•  
  • Lincoln's Gamble: The Tumultuous Six Months That Gave America the Emancipation Proclamation and Changed the Course of the Civil War (






UNABRIDGED) by Todd Brewster Narrated by Todd Brewster

    Lincoln's Gamble: The Tumultuous Six Months That Gave America the Emancipation Proclamation and Changed the Course of the Civil War

    • UNABRIDGED (7 hrs and 49 mins)
    • By Todd Brewster
    • Narrated By Todd Brewster
    Overall
    (0)
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    (0)
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    A brilliant, authoritative, and riveting account of the most critical six months in Abraham Lincoln’s presidency, when he penned the Emancipation Proclamation and changed the course of the Civil War. On July 12, 1862, Abraham Lincoln spoke for the first time of his intention to free the slaves. On January 1, 1863, Lincoln signed the Emancipation Proclamation, doing precisely that. In between, however, was perhaps the most tumultuous six months of his presidency, an episode during which the sixteenth president fought bitterly with his generals, disappointed his cabinet, and sank into painful bouts of clinical depression. Most surprising, the man who would be remembered as “The Great Emancipator” did not hold firm to his belief in emancipation. He agonized over the decision and was wracked by private doubts almost to the moment when he inked the decree that would change a nation.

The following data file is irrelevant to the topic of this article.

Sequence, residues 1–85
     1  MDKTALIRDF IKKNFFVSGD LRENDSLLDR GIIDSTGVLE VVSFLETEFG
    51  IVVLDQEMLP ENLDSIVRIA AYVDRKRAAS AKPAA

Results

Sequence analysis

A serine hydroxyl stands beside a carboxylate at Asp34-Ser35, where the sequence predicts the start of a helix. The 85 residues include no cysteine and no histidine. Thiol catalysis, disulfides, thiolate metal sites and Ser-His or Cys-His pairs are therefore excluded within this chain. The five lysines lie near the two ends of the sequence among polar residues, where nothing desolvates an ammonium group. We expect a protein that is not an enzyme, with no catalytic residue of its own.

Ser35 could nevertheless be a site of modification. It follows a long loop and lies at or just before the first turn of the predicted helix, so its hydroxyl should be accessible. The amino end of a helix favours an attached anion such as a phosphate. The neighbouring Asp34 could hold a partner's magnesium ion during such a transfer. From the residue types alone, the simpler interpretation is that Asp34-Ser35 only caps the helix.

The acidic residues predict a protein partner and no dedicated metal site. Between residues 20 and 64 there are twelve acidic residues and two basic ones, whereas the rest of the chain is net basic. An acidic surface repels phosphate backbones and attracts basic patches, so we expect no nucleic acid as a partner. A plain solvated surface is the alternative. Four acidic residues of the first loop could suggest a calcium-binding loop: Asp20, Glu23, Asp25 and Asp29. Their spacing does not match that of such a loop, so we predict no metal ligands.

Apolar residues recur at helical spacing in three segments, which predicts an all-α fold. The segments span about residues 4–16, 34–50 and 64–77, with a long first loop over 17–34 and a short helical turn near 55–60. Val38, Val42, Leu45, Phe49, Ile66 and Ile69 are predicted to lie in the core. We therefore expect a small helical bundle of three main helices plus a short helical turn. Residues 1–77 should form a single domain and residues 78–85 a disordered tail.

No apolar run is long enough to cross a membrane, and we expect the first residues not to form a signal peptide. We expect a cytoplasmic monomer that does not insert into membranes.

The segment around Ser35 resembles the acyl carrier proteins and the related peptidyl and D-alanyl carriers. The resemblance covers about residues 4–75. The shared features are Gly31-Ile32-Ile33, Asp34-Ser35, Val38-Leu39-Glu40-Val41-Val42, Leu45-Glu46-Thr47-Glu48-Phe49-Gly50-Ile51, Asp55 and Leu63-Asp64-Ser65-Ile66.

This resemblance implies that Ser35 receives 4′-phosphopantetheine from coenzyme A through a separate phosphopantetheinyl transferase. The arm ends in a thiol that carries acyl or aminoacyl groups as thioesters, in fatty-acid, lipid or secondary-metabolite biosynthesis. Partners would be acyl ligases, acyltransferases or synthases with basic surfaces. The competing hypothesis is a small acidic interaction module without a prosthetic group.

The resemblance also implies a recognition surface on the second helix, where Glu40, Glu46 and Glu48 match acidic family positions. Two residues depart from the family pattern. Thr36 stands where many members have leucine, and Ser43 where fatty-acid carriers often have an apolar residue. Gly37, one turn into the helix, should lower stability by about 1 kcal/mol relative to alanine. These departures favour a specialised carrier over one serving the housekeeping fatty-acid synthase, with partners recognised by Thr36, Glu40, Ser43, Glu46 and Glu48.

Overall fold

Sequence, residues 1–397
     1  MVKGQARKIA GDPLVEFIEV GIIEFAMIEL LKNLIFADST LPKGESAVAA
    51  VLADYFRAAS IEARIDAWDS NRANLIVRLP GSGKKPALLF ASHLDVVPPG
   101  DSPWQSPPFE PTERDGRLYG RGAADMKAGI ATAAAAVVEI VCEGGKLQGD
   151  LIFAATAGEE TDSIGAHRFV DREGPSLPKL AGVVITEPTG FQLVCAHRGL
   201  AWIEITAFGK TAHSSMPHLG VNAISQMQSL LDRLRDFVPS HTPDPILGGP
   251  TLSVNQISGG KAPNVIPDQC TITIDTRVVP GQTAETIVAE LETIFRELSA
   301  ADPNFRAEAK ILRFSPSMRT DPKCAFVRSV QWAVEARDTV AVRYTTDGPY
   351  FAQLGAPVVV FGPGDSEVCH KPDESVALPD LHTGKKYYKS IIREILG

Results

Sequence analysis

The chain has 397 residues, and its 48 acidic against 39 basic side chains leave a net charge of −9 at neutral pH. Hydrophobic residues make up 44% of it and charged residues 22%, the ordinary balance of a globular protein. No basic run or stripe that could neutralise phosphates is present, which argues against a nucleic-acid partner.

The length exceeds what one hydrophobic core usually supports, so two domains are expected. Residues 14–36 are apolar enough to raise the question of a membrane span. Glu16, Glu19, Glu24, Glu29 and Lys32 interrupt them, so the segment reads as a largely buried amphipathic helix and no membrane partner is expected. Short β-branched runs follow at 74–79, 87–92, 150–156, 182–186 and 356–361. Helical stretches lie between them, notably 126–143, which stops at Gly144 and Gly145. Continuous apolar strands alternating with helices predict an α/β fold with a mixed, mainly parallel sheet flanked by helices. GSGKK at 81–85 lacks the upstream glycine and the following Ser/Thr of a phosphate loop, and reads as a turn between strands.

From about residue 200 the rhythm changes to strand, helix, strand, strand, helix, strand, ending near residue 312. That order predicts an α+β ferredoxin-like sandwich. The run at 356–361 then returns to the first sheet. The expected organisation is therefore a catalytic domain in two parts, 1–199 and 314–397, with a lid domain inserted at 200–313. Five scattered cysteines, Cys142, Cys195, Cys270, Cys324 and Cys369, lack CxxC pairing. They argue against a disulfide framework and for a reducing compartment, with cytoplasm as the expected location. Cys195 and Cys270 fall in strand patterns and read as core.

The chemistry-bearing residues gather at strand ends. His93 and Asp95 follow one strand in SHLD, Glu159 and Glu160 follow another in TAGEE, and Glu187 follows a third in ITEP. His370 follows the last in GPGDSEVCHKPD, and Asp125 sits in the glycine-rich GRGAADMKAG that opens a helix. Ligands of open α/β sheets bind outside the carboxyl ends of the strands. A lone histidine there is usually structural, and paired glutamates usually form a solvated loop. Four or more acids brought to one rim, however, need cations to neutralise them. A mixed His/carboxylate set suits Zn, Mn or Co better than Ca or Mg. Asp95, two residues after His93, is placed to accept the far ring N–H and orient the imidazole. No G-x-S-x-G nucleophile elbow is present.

• The Oatman Massacre: A Tale of Desert Captivity and Survival (






UNABRIDGED) by Brian McGinty Narrated by Tom Sleeker

    The Oatman Massacre: A Tale of Desert Captivity and Survival

    • UNABRIDGED (6 hrs and 9 mins)
    • By Brian McGinty
    • Narrated By Tom Sleeker
    • Whispersync for Voice-ready
    Overall
    (0)
    Performance
    (0)
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    (0)

    The Oatman massacre is among the most famous and dramatic captivity stories in the history of the Southwest. In this riveting account, Brian McGinty explores the background, development, and aftermath of the tragedy.

  • The Wright Company: From Invention to Industry (






UNABRIDGED) by Edward J. Roach Narrated by Pete Ferrand

    The Wright Company: From Invention to Industry

    • UNABRIDGED (7 hrs and 39 mins)
    • By Edward J. Roach
    • Narrated By Pete Ferrand
    Overall
    (1)
    Performance
    (1)
    Story
    (1)

    Fresh from successful flights before royalty in Europe, and soon after thrilling hundreds of thousands of people by flying around the Statue of Liberty, in the fall of 1909 Wilbur and Orville Wright decided the time was right to begin manufacturing their airplanes for sale. Backed by Wall Street tycoons, including August Belmont, Cornelius Vanderbilt III, and Andrew Freedman, the brothers formed the Wright Company.